This week is Trustees Week 2017! At TimeBank we are not only celebrating the great work that the one million or so trustees do for the UK charity sector, but also preparing to welcome new recruits on our Board. So there’s really no better time to reflect on my two and half years since joining TimeBank as a trustee – and, as I turned 25 last week, to share my perspective on the role young trustees can play on boards.
I was just 22 when I became a trustee at TimeBank. I applied for the role because I had read a lot about ‘young trustees’ - those 0.5% of trustees aged 18-24 who don’t let their age stop them from contributing to issues they care about, and I felt compelled to give it a go.I had already benefited hugely from mentoring programmes at work and volunteering experiences at university, so I felt like my values were completely in sync with those of TimeBank. About two and a half years on, here’s an overview of some of the key things I’ve learnt.
The power of stupid questions
My first ever board meeting was a pretty terrifying experience. I was the youngest in the room and the only person without experience of working in the charity sector (or any sector, for that matter!). I couldn’t come up with anything of value to say and hadn’t dared to say anything at all. I left the meeting wondering if my presence was the result of an unfortunate administrative mistake! But I had watched and learned a lot about the role of the CEO, Chair and trustees; how board meetings run; how charities manage their finances; comms and fundraising strategies… In fact I was so busy taking it all in that I didn’t say anything at the second board meeting either. By the third meeting I finally managed to take part, though I spent about 60% of my speaking time apologising for asking stupid questions.
Today I still see my role on the Board as the Asker of Stupid Questions, except I now think it can add plenty of value. It gives the Board an opportunity to take a step back and avoid classic issues such as group-think or over-optimism. It has also been a very effective way for me to learn from others. Today I actively encourage my team to go back to basics and interrogate our thinking. I am still yet to receive negative feedback for asking stupid questions!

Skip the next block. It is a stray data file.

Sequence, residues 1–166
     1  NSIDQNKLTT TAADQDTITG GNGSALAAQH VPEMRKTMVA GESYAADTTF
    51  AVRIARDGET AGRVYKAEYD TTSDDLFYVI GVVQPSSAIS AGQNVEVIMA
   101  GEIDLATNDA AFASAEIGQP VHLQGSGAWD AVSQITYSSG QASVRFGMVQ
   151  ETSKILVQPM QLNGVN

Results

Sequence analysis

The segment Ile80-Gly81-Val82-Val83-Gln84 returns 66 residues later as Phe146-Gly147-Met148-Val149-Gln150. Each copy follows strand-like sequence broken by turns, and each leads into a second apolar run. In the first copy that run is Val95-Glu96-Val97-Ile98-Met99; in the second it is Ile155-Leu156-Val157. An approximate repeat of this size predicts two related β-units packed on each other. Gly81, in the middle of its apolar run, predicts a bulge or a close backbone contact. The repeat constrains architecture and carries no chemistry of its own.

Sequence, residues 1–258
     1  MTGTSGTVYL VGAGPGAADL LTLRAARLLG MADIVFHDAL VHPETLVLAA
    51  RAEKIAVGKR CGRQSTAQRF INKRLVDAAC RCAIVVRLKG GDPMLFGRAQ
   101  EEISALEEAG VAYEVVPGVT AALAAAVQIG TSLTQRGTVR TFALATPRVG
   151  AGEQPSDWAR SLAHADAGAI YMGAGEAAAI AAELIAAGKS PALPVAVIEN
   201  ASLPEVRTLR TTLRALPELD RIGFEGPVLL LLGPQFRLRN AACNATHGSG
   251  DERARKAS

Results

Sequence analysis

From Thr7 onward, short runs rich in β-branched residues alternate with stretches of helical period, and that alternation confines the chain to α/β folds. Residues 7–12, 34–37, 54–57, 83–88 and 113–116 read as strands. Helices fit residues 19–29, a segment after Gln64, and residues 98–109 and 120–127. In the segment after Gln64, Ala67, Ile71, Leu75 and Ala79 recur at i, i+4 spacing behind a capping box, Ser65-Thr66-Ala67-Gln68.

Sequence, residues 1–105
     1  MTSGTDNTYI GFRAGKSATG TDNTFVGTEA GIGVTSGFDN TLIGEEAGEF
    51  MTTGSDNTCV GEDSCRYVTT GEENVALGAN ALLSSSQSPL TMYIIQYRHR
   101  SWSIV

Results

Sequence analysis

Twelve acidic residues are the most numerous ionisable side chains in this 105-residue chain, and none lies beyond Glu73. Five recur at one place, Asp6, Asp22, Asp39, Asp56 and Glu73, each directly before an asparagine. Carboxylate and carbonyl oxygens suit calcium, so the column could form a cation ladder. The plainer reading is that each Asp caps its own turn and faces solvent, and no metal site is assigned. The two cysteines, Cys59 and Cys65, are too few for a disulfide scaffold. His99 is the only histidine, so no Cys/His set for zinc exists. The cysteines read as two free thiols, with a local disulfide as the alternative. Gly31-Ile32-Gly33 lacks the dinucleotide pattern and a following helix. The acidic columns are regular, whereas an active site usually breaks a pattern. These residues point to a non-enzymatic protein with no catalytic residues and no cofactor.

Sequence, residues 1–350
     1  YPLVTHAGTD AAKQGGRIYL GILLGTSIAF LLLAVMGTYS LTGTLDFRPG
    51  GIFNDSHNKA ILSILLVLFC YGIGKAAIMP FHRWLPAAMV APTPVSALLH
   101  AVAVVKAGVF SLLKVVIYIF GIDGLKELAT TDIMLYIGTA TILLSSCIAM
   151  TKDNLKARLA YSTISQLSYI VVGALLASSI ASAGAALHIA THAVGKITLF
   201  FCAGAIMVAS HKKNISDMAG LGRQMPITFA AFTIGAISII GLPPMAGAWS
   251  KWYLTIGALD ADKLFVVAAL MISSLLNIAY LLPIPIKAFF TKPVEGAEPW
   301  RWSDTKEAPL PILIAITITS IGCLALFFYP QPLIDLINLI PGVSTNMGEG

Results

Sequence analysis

Start with Why
The last few years haven’t been a walk in the park for charities. The uncertain political climate (to cite just one thing) has made it tough for the whole sector and we have had to ask ourselves difficult questions in some of our board meetings. Through thick and thin I’ve learnt a lot about risk management, which has helped me structure my own approach to risk and difficulties at work.
But what has stood out for me is watching our Board keep its focus on our “why” – a concept made popular by Simon Sinek back in 2009. In our case, it means that we have kept our focus on the impact we want to have, the people we want to help, and the social changes we want to foster. Thanks to our shared sense of ‘why’, we work as a super-motivated, cohesive team to work out the ‘how’ without shying away from our ambition. In my view it’s this attitude that has kept us so successful as an organisation; delivering our mentoring programmes across the UK and landing volunteering projects with the likes of Google, The Telegraph, CEB and EE.
It’s about building the next generation of trustees
I could go on and on. Reporting directly to TimeBank’s beloved CEO Helen and playing a part in TimeBank’s many achievements have also hugely contributed to building my own personal resilience and confidence, which have boosted my career progression in the last few years.
Nearly two and a half years after my first board meeting, I still think I’m getting more out of the experience than I bring. Our trustees and CEO are mentors and role models to me. And that’s where perhaps TimeBank shines the most for me: as an organisation with a long-term vision for a more supportive social fabric, my presence on the board is no admin mistake, but rather TimeBank’s investment in the next generation – allowing me to learn and grow under its wing so that one day, I may become an experienced trustee with plenty to give back to the charity sector.
If you’ve been inspired to become a charity trustee, why not think about joining our Board? We have a vacancy for a trustee who is as passionate as Raphaëlle about our work and our ambitions: http://www.timebank.org.uk/about/vacancy/join-us-as-a-timebank-trustee